55 to 75 inch TVs and 4K projection TVs

Price ranges for different TV sizes are as follows

55 inch $400-1000
65 inch about $1780 but range from $1200 to $3000
75 inch about $3150 but range from $2500 to 5000
80-100 inch about $8000 to $20,000

4K TVs are common in the $1000 range.

Various 8K TVs are being introduced but tend to be in the $50,000 – 100,000 price range and beyond.

There are 4K projection systems at $2000 which can project great images for 100-200 inch viewing

there is a high end sony 4K projection system in the $10,000 range which is at the top of most projection TV ranking reviews.

Larger screens and higher resolutions (8K, 11K and beyond) are coming over the next few years.

6 thoughts on “55 to 75 inch TVs and 4K projection TVs”

  1. The biggest issue isn’t technology, it’s content. Mediocrity remains mediocre no matter how large & sharp the screen.

  2. IMO, no living room or theater experience will benefit above 4k…I get that you need to film in higher resolution to do editing and mastering etc…but 8k only has benefits when its basically strapped to your head a-la VR setups..which are probably years away the way the current players are releasing.
    The chart above originally had an x axis for screen size…but I digress..
    I think things like gamut, HDR and static contrast and persistence will likely be the dominant performance features for the media saavy after 4k becomes basically the de-facto standard. 8k in the living room…unless you live in a movie theater will likely be more of a status buy than one that truly enhances the experience.

    Projection is interesting in that lasers are making their way onto the scene which can be very bright and very fast so projection is likely to grow by leaps and bounds just for that.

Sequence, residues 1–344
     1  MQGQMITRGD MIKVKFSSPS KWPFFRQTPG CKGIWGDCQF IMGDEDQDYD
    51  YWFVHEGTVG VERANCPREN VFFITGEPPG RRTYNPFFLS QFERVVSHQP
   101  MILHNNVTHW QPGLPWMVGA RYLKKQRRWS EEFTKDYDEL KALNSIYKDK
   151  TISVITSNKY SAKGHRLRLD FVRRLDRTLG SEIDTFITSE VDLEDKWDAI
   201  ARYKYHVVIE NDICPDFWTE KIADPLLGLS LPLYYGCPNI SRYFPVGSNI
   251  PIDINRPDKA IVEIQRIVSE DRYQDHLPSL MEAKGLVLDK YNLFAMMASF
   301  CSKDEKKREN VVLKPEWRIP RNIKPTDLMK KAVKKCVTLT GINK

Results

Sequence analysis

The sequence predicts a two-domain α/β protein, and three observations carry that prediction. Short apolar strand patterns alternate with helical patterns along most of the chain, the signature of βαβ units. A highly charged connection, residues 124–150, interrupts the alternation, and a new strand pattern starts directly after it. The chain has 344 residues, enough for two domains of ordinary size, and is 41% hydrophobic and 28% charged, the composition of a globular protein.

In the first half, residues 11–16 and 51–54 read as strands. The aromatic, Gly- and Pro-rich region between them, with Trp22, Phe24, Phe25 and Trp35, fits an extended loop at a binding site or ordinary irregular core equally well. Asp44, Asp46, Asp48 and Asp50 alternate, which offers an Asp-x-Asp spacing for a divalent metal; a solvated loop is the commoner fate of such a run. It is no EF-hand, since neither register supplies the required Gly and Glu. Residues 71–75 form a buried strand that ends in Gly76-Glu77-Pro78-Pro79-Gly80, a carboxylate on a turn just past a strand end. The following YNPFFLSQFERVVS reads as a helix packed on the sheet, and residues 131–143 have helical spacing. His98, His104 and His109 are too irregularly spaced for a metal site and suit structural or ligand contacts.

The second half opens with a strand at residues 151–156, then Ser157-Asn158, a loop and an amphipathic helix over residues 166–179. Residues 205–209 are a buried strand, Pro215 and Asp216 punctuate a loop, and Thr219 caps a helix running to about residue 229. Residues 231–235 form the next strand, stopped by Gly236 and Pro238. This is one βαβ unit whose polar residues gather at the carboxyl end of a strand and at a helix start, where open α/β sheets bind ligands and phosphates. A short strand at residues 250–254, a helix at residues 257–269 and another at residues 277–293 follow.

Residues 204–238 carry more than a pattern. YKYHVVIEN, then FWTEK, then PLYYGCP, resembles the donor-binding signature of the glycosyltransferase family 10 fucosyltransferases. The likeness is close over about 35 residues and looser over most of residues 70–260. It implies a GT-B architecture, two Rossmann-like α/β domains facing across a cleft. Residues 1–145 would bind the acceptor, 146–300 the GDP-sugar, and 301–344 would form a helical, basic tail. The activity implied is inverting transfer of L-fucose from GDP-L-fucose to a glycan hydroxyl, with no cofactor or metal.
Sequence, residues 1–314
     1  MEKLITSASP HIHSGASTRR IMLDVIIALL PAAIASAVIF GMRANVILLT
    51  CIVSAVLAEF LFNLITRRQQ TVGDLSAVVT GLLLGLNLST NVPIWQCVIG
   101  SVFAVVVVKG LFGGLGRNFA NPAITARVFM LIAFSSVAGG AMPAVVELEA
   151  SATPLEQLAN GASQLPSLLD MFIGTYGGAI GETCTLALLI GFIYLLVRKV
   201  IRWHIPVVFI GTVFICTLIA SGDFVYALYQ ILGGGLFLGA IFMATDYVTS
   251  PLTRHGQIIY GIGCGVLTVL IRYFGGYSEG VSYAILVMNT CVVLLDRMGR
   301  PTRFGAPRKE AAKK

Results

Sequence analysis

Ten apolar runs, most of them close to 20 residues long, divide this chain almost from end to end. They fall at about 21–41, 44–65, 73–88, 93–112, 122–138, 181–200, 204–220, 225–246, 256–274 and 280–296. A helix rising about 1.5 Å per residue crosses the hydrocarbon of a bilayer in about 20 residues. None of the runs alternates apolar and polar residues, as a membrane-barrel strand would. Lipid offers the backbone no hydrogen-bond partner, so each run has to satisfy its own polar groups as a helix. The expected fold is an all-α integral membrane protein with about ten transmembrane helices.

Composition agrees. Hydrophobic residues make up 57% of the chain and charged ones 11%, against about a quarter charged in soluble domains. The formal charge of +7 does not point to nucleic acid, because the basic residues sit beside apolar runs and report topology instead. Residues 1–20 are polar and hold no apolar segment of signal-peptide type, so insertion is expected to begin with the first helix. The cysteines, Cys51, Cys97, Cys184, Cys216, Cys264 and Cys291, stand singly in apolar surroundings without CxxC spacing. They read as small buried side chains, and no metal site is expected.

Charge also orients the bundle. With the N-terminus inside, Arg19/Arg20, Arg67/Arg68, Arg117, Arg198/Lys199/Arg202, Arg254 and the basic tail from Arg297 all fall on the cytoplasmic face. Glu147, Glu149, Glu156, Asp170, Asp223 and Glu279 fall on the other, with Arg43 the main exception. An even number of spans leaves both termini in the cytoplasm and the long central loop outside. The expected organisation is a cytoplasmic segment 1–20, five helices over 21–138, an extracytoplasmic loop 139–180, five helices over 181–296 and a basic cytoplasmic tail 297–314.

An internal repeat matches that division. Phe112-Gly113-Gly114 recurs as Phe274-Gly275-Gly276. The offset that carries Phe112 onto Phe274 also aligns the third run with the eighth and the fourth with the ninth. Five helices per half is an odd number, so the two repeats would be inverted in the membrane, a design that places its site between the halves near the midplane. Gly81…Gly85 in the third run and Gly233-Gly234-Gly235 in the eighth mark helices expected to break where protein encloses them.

• Agree, exception is large computer monitors, the one there one oversize screen replace 2-3 standard ones.
      However here you sit 30-50 cm from screen and it cover field of view.

  3. Can someone in the their mid-40s, the typical age where vision begins to fail, even discern the difference between a 4K and an older 1040 unit? Thinking of high end audio gear, where my recently tested cut off is now about 14 KHz or so, it’s kind of pointless if I can’t hear it, to’purchase high end gear.

    • I just had to replace my 1080i front projector with a 4K unit, one of the cheapest on the market. The answer is yes you can see the difference and it was worth it. The biggest issue is that most of the source material isn’t up to the quality even with upscalng.

    • I depends on the distance to the screen… for any age. By the way, when eyes begin to age in the 40s they lose elasticity of the lens which shouldn’t be an issue for you. You should note that HDR included with many 4K TVs improves both the contrast and color.

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